There’s A Fungus Among Us

August 31, 2012

Most days when I come home there are mushrooms in the yard. I have to pick them or the dogs might eat them or just grab them up with their mouths, and they could be poisonous. The mushrooms, that is, not the dogs’ mouths. If you think that’s a dumb thing to do remember that dogs don’t have opposable thumbs so they can’t pull out a mushroom reference book and say, "Oh, that’s an Amanita phalloides, I’d better not eat that."

Not that reference books are necessarily a lot of help either, at least when it comes to mushrooms, because so many mushrooms look alike. When I was a kid we had a next door neighbor who had a whole shelf of mushroom books. I used to love looking through them, amazed that fungi come in such a staggering array of shapes and every color of the rainbow. They’re still absolutely amazing to me. I think it’s because I’ve always liked eating mushrooms, but also when I was young, even before our neighbor with all the mushroom books had moved in, my mother had a big ficus tree in the living room. One late spring three perfect bright yellow mushrooms popped up in it. They were so beautiful my mother thought I’d made them out of clay, but they were real mushrooms. Why’d they appear just then? Probably because mushrooms need to have all conditions optimally in their favor. They’re just like the Chicago Cubs winning a game.

Mushrooms will only appear when everything–light, temperature, humidity, real estate prices–is exactly right. I also remember the first fairy ring I ever saw. People sometimes ask me, because they know I’m a trove of useless information, how mushrooms manage to form fairy rings. And it’s really simple: the mushrooms are merely the fruit of a much larger organism. Imagine an apple tree underground and pushing its apples up through the soil. I learned that from my neighbors’ mushroom books. I also learned that there are a few mushrooms that are not only edible but have some really interesting side effects. They can allow you to taste colors for a few hours, or cause you to strip naked and run through public parks while singing Harry Nilsson’s "I Will Take You There". That’s why you have to be careful about the mushrooms you eat. If decide to make a gourmet organic pizza one night with vegetables from your own garden and you wake up in the okapi exhibit at the zoo with no idea of how you got there you probably picked the wrong kind of mushrooms.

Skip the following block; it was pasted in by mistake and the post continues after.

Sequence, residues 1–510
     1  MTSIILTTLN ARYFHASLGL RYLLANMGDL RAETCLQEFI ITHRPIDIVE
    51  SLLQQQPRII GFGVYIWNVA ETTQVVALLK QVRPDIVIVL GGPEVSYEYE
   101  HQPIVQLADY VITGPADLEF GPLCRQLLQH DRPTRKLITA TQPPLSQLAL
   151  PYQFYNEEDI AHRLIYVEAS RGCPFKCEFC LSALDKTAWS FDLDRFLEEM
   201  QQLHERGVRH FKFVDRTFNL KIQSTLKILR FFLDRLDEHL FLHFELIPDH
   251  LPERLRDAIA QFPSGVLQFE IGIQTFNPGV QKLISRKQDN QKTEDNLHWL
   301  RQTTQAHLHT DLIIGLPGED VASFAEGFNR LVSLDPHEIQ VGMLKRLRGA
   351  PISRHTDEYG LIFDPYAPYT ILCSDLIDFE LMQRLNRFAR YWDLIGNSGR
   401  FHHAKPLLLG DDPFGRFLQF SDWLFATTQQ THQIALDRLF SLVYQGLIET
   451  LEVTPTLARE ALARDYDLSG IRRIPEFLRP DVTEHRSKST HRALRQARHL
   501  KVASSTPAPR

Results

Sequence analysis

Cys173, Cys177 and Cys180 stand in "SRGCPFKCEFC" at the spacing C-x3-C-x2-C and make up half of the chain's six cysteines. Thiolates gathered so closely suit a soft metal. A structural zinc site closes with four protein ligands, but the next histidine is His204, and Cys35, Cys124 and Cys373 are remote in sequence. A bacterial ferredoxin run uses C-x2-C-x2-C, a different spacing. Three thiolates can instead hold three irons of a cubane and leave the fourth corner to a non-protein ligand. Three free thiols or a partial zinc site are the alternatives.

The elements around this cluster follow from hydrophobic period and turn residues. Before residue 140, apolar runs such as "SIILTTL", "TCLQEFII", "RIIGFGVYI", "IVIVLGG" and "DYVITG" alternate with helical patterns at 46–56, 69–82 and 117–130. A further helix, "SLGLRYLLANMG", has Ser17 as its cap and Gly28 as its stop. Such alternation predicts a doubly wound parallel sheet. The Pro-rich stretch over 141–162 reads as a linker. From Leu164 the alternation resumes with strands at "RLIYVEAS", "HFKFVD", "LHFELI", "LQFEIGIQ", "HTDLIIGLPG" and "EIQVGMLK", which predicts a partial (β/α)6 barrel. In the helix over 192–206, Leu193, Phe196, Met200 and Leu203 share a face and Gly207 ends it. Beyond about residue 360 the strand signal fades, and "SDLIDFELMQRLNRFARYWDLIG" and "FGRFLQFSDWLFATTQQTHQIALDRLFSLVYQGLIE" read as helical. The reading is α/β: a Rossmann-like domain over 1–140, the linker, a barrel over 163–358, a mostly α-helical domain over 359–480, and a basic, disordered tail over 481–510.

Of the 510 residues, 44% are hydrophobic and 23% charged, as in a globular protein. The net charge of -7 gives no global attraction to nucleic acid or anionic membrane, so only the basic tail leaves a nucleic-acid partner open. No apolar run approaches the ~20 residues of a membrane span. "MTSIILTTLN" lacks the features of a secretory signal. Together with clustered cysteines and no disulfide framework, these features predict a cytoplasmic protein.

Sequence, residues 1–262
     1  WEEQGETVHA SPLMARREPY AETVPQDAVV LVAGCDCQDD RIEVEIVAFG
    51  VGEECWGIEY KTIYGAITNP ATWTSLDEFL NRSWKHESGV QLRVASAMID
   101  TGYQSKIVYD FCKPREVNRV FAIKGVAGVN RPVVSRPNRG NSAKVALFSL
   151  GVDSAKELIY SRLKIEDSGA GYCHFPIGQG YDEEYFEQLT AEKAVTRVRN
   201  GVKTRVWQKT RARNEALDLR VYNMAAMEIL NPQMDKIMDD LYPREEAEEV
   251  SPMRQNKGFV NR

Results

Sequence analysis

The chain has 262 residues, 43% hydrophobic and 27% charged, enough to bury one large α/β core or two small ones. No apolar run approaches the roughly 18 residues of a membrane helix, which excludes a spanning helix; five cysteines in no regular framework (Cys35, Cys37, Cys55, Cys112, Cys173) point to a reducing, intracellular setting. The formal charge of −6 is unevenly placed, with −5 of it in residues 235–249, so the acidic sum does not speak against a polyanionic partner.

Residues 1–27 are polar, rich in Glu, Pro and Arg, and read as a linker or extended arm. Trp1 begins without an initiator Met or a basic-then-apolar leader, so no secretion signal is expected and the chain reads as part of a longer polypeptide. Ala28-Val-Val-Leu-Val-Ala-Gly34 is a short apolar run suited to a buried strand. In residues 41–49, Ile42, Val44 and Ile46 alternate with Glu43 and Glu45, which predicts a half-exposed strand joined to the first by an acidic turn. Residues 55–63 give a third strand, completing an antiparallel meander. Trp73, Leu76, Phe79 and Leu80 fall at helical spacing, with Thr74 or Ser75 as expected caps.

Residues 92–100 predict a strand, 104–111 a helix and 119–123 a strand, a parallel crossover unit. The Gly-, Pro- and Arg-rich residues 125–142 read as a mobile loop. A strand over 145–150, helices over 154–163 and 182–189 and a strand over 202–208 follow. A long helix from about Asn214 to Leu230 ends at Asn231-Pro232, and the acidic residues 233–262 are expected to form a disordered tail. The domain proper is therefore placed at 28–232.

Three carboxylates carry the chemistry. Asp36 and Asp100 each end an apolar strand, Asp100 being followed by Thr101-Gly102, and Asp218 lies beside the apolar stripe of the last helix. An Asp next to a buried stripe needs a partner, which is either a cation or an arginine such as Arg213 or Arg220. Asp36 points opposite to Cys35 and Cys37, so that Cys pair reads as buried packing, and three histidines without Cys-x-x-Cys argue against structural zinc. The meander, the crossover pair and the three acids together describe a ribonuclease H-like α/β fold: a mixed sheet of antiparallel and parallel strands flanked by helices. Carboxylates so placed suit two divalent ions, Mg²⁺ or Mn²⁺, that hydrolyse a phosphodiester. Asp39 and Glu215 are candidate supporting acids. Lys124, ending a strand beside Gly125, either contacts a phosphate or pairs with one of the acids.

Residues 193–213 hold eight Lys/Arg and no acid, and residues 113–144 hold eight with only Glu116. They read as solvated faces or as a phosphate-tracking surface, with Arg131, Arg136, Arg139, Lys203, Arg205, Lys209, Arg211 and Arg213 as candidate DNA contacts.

According to my neighbor there are a few kinds of edible wild mushrooms that anybody can identify that are delicious. Morels, he told me, are a good example of this, although you should cut them in half to make sure they’re not false morels, which can be poisonous. Inky caps are also easy to identify because after a few hours they turn into a completely inedible mush. And puffballs, he told me, are excellent when fried, but, like morels, you have to cut them in half because what looks like a puffball might really be an immature destroying angel, which can kill you in a matter of hours. That always makes me wonder how people figured out which mushrooms were edible and which weren’t in the first place. There must have been a lot of trial and error, and when the error didn’t result in sitting back and saying, "Mmmm, pumpkin!" while the walls melted around you it resulted in nausea, convulsions, kidney failure, and death. It’s been said that the first person to eat an oyster must have been very brave. I’d say the second person to eat a mushroom was braver. And even a long time after people thought they had a pretty good idea which mushrooms were poisonous and which weren’t mistakes were made.

There’s a theory that emperor Claudius died from eating poisonous mushrooms, although so many people wanted Claudius dead at that point that his wife probably gave the cook some mushrooms and said "Don’t bother cutting these in half." You’d have to be pretty sadistic to rub someone out with mushrooms, though, because it’s a horrible way to die. Claudius’s predecessor was Caligula, who was stabbed more than fifty times by his own guards, and his last words were "Well at least I didn’t have to eat any mushrooms."

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